Caribbean leaders identify debt, climate as regional impediments
Jamaican Prime Minister Andrew Holness pointed to natural disasters and high debt burdens as significant barriers to Caribbean development on Wednesday during remarks before the United Nations General Assembly in New York City.
Despite recent strides in lowering Jamaica’s debt to GDP ratio, he said such gains could be eroded “in a matter of a few hours” in the case of a natural disaster, such as a major hurricane.
“As a Small Island Developing State, we remain extremely vulnerable to external shocks,” he said.
Holness highlighted national economic initiatives to support low-income people, such as micro financing for small and medium-sized businesses and increased allocations to social programmes.
“We are faced, however, with the challenge of recurrent debt,” he said. “But with bipartisan partnership and citizenship commitment, we have lowered our debt to GDP ratio by over 40%.”
Jamaica forecast in March that its GDP to debt ratio would fall to 96%, the first time the number has dropped below 100% in the past two decades.
To ensure the sustainability of such gains in small island states, he called on UN members to increase financial commitments towards the 2030 Agenda for Sustainable Development.
“The sustainability of our efforts, therefore, requires adequate financing to fully attain the [Sustainable Development Goals]. This challenge poses a real threat to the hard-won gains generated by our responsible stewardship of the development process,” Holness said.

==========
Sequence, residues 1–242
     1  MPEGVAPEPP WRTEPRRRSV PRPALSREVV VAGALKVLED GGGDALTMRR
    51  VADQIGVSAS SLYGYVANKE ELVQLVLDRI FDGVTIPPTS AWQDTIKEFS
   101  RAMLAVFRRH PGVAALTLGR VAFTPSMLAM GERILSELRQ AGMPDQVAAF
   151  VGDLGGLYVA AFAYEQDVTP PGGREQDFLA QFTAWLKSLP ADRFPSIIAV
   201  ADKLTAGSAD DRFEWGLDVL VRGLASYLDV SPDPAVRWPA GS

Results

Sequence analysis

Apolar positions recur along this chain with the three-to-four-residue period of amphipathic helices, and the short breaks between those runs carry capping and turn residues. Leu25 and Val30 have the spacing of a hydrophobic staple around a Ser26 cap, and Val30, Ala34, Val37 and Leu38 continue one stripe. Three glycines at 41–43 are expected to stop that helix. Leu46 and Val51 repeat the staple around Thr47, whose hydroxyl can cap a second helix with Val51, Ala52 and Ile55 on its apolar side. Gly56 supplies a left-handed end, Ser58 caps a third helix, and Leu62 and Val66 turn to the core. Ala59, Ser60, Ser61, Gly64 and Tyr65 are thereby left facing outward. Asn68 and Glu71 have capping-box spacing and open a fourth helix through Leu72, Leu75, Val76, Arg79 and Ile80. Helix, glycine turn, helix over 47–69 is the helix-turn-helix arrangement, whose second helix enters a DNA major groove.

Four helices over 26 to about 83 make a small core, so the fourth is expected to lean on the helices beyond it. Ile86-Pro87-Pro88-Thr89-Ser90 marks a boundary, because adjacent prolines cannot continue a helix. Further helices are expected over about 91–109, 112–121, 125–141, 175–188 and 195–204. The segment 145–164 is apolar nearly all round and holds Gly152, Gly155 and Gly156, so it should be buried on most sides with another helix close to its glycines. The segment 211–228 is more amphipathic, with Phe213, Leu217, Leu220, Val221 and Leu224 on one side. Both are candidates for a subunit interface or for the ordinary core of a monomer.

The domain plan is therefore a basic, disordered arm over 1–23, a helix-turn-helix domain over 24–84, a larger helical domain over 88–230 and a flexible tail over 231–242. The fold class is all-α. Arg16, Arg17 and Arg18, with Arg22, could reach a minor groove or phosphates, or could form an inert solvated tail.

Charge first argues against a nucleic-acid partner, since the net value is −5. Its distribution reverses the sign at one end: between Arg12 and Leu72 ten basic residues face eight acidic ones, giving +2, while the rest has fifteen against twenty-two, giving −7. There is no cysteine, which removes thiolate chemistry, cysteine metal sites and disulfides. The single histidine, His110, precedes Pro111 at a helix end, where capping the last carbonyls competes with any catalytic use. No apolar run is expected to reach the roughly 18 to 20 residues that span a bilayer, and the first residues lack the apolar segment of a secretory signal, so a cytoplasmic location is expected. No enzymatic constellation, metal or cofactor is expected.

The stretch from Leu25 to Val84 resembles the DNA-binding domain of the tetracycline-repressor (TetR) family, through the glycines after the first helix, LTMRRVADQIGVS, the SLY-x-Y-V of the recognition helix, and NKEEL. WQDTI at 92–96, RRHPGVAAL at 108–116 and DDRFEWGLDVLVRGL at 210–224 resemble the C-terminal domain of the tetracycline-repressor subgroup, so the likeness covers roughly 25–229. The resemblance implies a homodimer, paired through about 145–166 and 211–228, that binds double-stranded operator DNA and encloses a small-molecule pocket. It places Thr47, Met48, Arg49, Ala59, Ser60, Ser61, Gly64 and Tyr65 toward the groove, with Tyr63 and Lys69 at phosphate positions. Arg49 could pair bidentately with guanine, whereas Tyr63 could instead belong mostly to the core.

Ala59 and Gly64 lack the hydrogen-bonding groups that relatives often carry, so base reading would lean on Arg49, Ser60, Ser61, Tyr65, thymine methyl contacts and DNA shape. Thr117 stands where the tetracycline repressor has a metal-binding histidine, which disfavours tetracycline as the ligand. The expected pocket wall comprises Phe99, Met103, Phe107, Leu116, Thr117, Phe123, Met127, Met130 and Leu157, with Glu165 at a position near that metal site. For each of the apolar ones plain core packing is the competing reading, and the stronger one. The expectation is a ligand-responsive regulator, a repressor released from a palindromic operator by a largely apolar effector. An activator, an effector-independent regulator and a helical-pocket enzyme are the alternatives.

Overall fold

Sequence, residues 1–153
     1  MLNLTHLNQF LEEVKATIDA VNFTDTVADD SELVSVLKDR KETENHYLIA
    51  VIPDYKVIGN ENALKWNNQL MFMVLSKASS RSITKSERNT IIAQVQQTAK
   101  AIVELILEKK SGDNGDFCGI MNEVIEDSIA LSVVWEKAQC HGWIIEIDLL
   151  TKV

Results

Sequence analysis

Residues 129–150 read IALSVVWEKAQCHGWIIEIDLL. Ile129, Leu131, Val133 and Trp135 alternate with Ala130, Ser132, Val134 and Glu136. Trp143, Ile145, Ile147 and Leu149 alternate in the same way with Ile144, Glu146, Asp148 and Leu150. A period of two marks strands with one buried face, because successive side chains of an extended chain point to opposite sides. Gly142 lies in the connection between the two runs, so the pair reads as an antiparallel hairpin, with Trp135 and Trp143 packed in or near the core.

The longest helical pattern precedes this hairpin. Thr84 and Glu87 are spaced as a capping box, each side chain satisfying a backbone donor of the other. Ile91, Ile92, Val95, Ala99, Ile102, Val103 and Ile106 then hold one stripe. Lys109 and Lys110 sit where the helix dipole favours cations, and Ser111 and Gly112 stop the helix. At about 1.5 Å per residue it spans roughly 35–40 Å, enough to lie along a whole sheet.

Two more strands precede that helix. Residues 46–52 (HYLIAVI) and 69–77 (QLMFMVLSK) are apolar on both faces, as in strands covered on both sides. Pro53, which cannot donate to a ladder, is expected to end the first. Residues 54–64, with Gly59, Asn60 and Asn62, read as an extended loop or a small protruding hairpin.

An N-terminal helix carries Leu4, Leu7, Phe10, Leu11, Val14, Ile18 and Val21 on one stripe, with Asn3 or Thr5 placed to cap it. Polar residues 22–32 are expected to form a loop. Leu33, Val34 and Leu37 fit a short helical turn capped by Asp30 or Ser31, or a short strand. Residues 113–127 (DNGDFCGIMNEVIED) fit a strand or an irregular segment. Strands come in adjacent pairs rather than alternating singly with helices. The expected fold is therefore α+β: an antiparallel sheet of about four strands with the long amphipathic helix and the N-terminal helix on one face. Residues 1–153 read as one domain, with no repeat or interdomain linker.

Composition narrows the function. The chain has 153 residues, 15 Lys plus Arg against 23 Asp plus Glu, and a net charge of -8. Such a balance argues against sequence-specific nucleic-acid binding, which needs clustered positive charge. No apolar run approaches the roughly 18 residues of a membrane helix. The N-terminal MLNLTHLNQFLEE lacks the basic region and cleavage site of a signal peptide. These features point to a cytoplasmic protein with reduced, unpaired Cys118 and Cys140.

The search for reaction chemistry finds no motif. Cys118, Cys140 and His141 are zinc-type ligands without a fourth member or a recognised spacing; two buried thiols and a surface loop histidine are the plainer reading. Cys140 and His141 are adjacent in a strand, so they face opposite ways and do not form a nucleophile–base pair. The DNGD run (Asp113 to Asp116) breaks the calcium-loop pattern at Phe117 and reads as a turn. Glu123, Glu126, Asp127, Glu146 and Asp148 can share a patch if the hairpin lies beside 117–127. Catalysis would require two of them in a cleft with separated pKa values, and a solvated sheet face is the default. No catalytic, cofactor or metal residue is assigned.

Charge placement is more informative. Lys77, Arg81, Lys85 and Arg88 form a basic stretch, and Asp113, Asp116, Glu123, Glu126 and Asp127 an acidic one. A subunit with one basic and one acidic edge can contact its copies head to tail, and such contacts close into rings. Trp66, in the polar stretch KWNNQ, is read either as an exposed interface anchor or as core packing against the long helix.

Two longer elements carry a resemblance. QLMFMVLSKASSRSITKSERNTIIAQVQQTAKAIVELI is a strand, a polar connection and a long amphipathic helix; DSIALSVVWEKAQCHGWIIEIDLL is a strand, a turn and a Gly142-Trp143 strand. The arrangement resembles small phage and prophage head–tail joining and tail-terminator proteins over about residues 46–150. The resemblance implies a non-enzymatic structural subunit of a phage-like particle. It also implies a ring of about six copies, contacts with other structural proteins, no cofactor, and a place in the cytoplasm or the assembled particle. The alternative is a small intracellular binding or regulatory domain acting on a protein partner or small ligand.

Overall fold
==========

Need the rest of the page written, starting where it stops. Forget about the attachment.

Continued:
“I, therefore, urge development partners to redouble their efforts and contribute resources for the delivery of the 2030 Agenda.”
St. Vincent and the Grenadines Prime Minister Ralph Gonsalves reiterated the vulnerability of Small Island Developing States to financial shocks. He encouraged greater international support in alleviating debt burdens through programmes such as a debt swap for climate action initiative.
“We must acknowledge that a special case for [Small Island Developing States] exists due to our unique vulnerabilities,” Gonsalves said.
He decried a “unilateral tendency by a handful of powerful states to weaponise trade and the banking and financial systems to buttress their quest for a global hegemony”.
Gonsalves called on high-ranking states to support small island nations by offering financial assistance and bridging the “development chasm”.
On Friday, small island leaders will gather at the UN headquarters to evaluate progress towards development goals, as outlined in the SAMOA Pathway. From the Caribbean, comments are expected from Mia Mottley of Barbados, Gaston Browne of Antigua and Barbuda, and Evelyn Wever-Croes of Aruba, among others.
Kayla Young is reporting for the Compass from the United Nations Climate Change Summit in New York.
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